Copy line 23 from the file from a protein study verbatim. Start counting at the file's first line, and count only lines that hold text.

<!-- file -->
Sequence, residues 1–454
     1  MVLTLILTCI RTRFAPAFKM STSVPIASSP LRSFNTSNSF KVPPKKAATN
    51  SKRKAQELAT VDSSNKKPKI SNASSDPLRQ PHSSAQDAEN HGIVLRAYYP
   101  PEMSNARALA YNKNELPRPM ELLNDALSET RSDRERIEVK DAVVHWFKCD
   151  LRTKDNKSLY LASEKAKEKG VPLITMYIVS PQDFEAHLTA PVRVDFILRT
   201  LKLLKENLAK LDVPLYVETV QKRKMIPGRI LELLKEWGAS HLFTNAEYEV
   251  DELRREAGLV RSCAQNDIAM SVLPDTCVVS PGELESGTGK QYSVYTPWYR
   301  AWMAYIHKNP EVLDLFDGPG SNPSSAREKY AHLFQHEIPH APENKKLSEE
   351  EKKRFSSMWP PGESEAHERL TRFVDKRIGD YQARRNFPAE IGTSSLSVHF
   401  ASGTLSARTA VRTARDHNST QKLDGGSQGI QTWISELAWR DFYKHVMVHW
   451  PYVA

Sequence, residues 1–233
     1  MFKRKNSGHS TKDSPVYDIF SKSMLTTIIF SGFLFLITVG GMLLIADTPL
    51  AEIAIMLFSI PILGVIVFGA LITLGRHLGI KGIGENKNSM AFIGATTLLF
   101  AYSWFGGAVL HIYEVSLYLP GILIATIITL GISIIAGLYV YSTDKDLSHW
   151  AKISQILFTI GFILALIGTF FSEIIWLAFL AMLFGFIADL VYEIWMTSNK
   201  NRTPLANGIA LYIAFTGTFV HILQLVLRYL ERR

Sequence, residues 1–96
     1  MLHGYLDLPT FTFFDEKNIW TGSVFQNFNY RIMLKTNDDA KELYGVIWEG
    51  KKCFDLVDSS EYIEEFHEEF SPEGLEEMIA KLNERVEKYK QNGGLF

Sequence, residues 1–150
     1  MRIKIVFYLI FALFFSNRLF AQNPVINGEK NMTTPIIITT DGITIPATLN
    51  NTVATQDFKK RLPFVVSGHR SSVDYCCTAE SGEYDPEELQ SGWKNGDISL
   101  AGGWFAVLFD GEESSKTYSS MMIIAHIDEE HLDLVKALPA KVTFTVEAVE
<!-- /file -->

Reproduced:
    51  NTVATQDFKK RLPFVVSGHR SSVDYCCTAE SGEYDPEELQ SGWKNGDISL